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The sPHENIX Proposal

By John Haggerty, Dave Morrison and Jamie Nagle

Rendering of the sPHENIX upgrade

A rendering of the sPHENIX upgrade showing the inner silicon tracker (VTX), the solenoid, and the calorimeters. The solenoid has a diameter of 1.4 m.

In October 2010, the PHENIX Collaboration published its plan for future experimentation, detailing key physics questions for study at RHIC over the next decade (the PHENIX Decadal Plan can be found on the PHENIX website). A few weeks ago, on July 1, 2012, the collaboration completed months of work and submitted to BNL management a proposal for a greatly upgraded PHENIX detector which we call sPHENIX. This detector enables a compelling physics program that will address fundamental unanswered questions about the nature of the strongly coupled Quark-Gluon Plasma (QGP), discovered experimentally at RHIC to be a perfect fluid. We have posted the main part of the sPHENIX proposal as a preprint.

These questions include how and why the QGP behaves as a perfect fluid in the vicinity of strongest coupling, near the temperature at which the phase transition takes place, whether there are quasiparticles that play an important role in the dynamics of the QGP, and how the strongly coupled QGP evolves to become a weakly coupled system at asymptotically high temperature.

These questions can only be fully addressed with a detector which can measure jet production and jet properties at RHIC energies, at temperatures near the phase transition where the coupling is strongest and by comparing these measurements to higher temperature QGP measurements at the Large Hadron Collider. Taken together, these data will provide valuable insight into the thermodynamics of Quantum Chromodynamics (QCD), the theory which governs the interactions of the quarks, the building blocks of nuclei.

Free quarks have not been observed experimentally, but the result of quarks being produced and interacting with each other has been observed in many experiments as "jets," or collimated bundles of relatively long-lived particles such as pions which are observable in the laboratory. By measuring the jets in RHIC collisions as surrogates for the quarks, we can study how quarks interact with the medium of perfect fluid.

A depiction of sPHENIX

A depiction of sPHENIX, showing how it would sit in the current PHENIX experimental hall— with plenty of room to spare

The sPHENIX concept reuses much of the existing PHENIX infrastructure - such as the gas handling, electronics, computing, and safety systems - and it incorporates some key innovations in materials and sensor technology developed in just the last few years. This careful balance of reuse and novelty has enabled us us to design an extremely compact and economical detector, while still enabling fantastic physics reach. The experiment is based around a high field (2T) solenoidal magnet, enabling us to keep the diameter of the magnet small (1.4 m, or less than five feet) and thus minimizing the size and mass of the detectors outside the magnet, while still allowing high resolution tracking measurements in the magnetic field. Outside the solenoid are the detectors which add unique capability at RHIC, the system of electromagnetic and hadronic calorimeters, providing us a precise measure of the energy and direction of the electrons, photons, and jets produced in RHIC collisions. Both PHENIX and STAR have electromagnetic calorimeters, which allow us to identify and measure the energy of electrons and photons by fully absorbing their energy, but sPHENIX would add a hadronic calorimeter which can do the same for the strongly interacting particles like pions which are the major component of the jets. That requires a lot more material to absorb their energy, and so the hadronic calorimeter sets the size and scale of the detector.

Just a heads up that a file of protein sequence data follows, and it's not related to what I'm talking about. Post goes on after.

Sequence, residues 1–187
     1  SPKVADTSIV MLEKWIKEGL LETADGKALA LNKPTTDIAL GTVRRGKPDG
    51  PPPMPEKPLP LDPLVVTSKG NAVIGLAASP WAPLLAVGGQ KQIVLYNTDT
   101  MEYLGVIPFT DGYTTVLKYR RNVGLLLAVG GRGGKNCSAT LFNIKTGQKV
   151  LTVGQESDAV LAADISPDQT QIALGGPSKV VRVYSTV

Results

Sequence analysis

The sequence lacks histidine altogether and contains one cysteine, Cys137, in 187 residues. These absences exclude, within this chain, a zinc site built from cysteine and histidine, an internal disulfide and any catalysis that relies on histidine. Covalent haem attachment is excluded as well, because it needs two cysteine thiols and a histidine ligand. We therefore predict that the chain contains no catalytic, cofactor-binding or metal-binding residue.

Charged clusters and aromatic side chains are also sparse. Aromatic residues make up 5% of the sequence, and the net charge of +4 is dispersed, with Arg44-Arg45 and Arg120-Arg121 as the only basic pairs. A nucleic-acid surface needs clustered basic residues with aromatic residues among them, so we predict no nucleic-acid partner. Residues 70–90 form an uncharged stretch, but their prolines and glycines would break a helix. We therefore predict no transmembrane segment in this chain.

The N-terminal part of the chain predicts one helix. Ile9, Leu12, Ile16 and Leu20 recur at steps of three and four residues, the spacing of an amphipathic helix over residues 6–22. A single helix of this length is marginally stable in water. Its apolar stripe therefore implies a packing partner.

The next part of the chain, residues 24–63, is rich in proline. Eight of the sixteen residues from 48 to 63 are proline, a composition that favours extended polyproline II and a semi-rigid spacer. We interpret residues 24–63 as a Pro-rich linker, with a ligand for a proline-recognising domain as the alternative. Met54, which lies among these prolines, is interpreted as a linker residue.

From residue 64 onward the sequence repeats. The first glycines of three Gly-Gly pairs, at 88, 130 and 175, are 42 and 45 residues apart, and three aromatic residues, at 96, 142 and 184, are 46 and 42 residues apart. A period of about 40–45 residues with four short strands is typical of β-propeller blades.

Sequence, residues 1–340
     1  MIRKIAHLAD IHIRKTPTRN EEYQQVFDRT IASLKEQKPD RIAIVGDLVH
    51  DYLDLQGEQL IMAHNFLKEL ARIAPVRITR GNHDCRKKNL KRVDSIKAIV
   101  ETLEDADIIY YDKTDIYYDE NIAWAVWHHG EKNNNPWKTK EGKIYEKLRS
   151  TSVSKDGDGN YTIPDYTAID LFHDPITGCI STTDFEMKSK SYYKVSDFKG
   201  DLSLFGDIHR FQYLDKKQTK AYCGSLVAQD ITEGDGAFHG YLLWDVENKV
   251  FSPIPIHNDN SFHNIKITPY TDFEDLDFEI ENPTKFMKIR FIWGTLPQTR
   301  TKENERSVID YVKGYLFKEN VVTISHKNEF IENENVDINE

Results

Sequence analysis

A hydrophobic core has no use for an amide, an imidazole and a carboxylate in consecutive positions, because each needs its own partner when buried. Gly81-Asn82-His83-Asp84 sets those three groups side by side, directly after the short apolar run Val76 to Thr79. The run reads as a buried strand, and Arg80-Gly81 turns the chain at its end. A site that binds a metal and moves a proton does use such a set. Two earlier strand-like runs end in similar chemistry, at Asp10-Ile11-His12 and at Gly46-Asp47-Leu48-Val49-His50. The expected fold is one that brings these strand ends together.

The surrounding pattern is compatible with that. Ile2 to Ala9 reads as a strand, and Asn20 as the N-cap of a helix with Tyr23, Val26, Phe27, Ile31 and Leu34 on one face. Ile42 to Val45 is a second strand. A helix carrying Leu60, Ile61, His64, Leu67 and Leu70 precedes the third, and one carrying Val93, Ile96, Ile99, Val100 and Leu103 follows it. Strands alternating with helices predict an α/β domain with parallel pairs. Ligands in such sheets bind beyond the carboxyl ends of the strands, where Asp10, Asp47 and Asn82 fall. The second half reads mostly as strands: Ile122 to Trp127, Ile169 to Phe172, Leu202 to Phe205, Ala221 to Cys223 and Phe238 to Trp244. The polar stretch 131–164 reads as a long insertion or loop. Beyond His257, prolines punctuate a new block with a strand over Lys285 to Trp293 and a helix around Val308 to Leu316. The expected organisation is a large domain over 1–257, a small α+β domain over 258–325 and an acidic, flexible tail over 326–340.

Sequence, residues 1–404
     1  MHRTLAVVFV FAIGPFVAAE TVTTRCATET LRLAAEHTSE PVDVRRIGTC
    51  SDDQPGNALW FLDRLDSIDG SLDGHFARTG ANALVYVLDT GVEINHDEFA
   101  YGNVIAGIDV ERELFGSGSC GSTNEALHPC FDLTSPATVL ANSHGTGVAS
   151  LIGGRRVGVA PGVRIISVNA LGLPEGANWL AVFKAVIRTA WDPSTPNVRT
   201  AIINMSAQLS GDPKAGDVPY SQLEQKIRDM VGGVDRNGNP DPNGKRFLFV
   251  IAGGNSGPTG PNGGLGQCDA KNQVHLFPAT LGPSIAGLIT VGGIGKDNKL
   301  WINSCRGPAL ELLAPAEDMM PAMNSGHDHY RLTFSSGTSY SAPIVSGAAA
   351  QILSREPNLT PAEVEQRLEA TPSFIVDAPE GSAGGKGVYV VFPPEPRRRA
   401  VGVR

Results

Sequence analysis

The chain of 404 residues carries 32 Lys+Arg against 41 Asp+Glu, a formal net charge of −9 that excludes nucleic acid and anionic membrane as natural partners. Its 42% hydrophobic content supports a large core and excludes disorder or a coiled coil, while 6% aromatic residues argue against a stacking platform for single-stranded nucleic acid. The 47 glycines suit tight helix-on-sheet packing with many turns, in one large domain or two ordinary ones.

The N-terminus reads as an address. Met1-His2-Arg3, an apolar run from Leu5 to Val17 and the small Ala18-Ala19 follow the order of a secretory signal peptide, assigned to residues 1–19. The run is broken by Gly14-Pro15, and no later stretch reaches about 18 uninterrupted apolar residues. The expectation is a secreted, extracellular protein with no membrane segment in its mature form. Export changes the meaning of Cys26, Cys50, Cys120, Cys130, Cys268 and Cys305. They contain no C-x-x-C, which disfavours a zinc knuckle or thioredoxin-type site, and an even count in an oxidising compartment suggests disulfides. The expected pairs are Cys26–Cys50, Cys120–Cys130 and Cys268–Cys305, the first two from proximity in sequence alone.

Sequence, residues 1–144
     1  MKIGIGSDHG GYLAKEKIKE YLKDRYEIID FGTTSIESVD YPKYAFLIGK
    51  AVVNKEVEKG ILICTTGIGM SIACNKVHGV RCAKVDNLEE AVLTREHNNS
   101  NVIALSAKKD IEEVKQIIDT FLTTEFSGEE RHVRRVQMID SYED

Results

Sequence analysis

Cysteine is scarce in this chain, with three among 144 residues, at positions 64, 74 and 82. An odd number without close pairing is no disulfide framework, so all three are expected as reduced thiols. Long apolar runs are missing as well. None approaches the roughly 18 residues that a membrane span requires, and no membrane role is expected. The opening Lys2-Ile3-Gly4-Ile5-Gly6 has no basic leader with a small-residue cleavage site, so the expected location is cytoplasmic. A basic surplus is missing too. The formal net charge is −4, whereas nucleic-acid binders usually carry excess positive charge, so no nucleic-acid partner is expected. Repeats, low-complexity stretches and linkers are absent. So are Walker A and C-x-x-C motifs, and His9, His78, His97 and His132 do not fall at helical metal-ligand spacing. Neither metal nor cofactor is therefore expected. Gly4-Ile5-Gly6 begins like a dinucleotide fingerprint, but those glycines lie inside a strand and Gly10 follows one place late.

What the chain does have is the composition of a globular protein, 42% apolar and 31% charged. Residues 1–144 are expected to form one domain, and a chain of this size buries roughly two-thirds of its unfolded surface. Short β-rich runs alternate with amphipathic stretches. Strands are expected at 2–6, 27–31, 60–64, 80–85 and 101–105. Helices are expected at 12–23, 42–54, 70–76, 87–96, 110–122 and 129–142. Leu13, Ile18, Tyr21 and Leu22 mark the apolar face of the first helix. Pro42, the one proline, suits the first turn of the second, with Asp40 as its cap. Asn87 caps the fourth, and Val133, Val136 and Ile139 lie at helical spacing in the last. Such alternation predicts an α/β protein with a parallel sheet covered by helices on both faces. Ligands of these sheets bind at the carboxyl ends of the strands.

We also aim to keep the detector as compact as possible by using a new kind of photodetector, a "silicon photomultiplier" or SiPM, which operates at low voltage and can work in the fringe magnetic field of the solenoid, and is much smaller than an actual photomultiplier tube. This technology is being tested by a group on STAR and with a DOE "Small Business Innovative Research"(SBIR) grant that PHENIX collaborators Craig Woody and Edward Kistenev were awarded last year. We plan to build on our existing electronics and computing architecture, which will allow us fully utilize the luminosity of the recently upgraded RHIC facility.